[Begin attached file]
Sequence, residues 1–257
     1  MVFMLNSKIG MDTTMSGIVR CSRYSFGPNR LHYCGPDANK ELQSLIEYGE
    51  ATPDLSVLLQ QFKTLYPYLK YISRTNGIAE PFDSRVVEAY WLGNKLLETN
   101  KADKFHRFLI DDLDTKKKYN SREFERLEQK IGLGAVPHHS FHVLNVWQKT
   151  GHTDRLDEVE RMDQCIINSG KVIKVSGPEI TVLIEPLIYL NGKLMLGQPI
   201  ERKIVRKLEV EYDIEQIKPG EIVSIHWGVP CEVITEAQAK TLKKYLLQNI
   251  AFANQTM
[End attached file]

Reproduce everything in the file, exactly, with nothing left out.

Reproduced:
Sequence, residues 1–257
     1  MVFMLNSKIG MDTTMSGIVR CSRYSFGPNR LHYCGPDANK ELQSLIEYGE
    51  ATPDLSVLLQ QFKTLYPYLK YISRTNGIAE PFDSRVVEAY WLGNKLLETN
   101  KADKFHRFLI DDLDTKKKYN SREFERLEQK IGLGAVPHHS FHVLNVWQKT
   151  GHTDRLDEVE RMDQCIINSG KVIKVSGPEI TVLIEPLIYL NGKLMLGQPI
   201  ERKIVRKLEV EYDIEQIKPG EIVSIHWGVP CEVITEAQAK TLKKYLLQNI
   251  AFANQTM